The duo of Internet eXchange Point of Nigeria (IXPN), a membership-based organisation, which provides a platform where networks interconnect directly within Nigeria and Medallion Datacenters, West Africa’s most connected facilities last week in Abuja, Nigeria’s capital city in a workshop engaged various stakeholders, mostly in the Internet ecosystem on Internet peering and interconnectivity.
Essentially, the workshop and subsequent engagement was centered around the impact of Internet eXchange Point of Nigeria and Medallion Datacenters on the ICT industry, and ultimately, the benefits of peering and interconnection to prospective organizations.
Explaining what peering and interconnectivity between various stakeholders will bring to the industry, the Chief Executive Officer of IXPN, Mr. Muhammed Rudman, noted that peering will enhance Internet connections for citizens and organisations alike, which will at the end of the day help the economy to thrive.
“Peering and interconnectivity through internet exchanges address the challenges of traffic by ensuring the shortest possible route is used to reach a given destination.
It keeps traffic as local as possible, which improves performance and enables faster connections between networks, facilitating high-speed data transfer, lower latency, increased bandwidth and improved fault tolerance,” he said at the gathering that attracted over 100 stakeholders, mostly network engineers and administrators.
He also called for a concerted effort to host of content locally, stressing that doing so will provide additional revenue opportunities to local Internet Service Providers and datacenters which in turn creates more jobs and serves as a driver for economic growth.
“Nigeria cannot continue to pay money to foreign hosting companies as it constitutes capital flight, puts more strain on Nigeria’s foreign earnings, slows the growth of local data centers and delays the development of new ones,” he said.
Warning that hosting data overseas has several implications on the economy, end users, Nigeria’s security, legal and businesses, Mr. Rudman argued that if the content is hosted locally in any of the data centres, it has a direct and indirect impact on the economy in terms of job creation and revenue for the government.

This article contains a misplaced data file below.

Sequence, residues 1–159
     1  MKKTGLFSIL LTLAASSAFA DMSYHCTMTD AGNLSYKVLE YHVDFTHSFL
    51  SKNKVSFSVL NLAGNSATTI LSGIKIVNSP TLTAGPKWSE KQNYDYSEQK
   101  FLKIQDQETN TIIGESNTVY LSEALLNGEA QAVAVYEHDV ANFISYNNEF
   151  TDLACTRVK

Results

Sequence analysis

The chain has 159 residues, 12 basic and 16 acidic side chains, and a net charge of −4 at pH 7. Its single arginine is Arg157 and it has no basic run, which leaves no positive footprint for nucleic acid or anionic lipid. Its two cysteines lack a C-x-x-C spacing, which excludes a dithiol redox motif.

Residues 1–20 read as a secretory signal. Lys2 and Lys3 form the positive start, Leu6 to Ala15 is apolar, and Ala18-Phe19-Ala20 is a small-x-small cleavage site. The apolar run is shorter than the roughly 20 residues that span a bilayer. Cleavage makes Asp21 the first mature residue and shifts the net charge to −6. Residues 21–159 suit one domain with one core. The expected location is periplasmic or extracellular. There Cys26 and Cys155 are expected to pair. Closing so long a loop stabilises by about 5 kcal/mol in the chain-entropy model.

Also speaking, the Chief Executive Officer of Medallion Datacenters, Engr. Ikechukwu Nnamani asserted that the strong growth of Africa’s digital economy will drive demand for more data centers on the continent. Thus, there is a need to have more data centers to be able to accommodate the surge.
“While we call for local hosting of content and data, there is also the need to build more data centers to be able to accommodate the strong growth of Africa’s digital economy,” he said.
He said Medallion already boasts of a datacentres, which is touted as the largest Peering and Connectivity hub in West Africa with 70+ Carriers and ISPs present and accommodate 68 percent of Nigeria Internet Exchange’s traffic.
But going by the strong growth of Africa’s digital economy, it is building another datacenter with 232 racks, that has access to the initial datacenter and providers via campus connects.
Meanwhile, to boost the capacity of its increasing members and reiterate its commitment towards improving the internet ecosystem in the country, IXPN organized a free Border Gateway Protocol (BGP) training for network engineers and administrators that attended the workshop as well as peering benefits to prospective organizations.
According to IXPN, the training was aimed at empowering its members with the rudiments and workings of the Border Gateway Protocol (BGP), which is important as a one-stop peering point for service and content providers. Border Gateway Protocol (BGP) is a gateway protocol that enables the internet to exchange routing information between autonomous systems (AS).
IXPN is currently the Regional Internet Exchange Point (RIXP) for West Africa, with over 110 active networks interconnected, including Google, Facebook, Amazon, Microsoft, Hurricane Electric, Cloudfare, Netflix and some Mobile Network Operators (MNOs) in Nigeria.
Featured Image: Participants at the Internet Peering and Interconnectivity Workshop in Abuja last week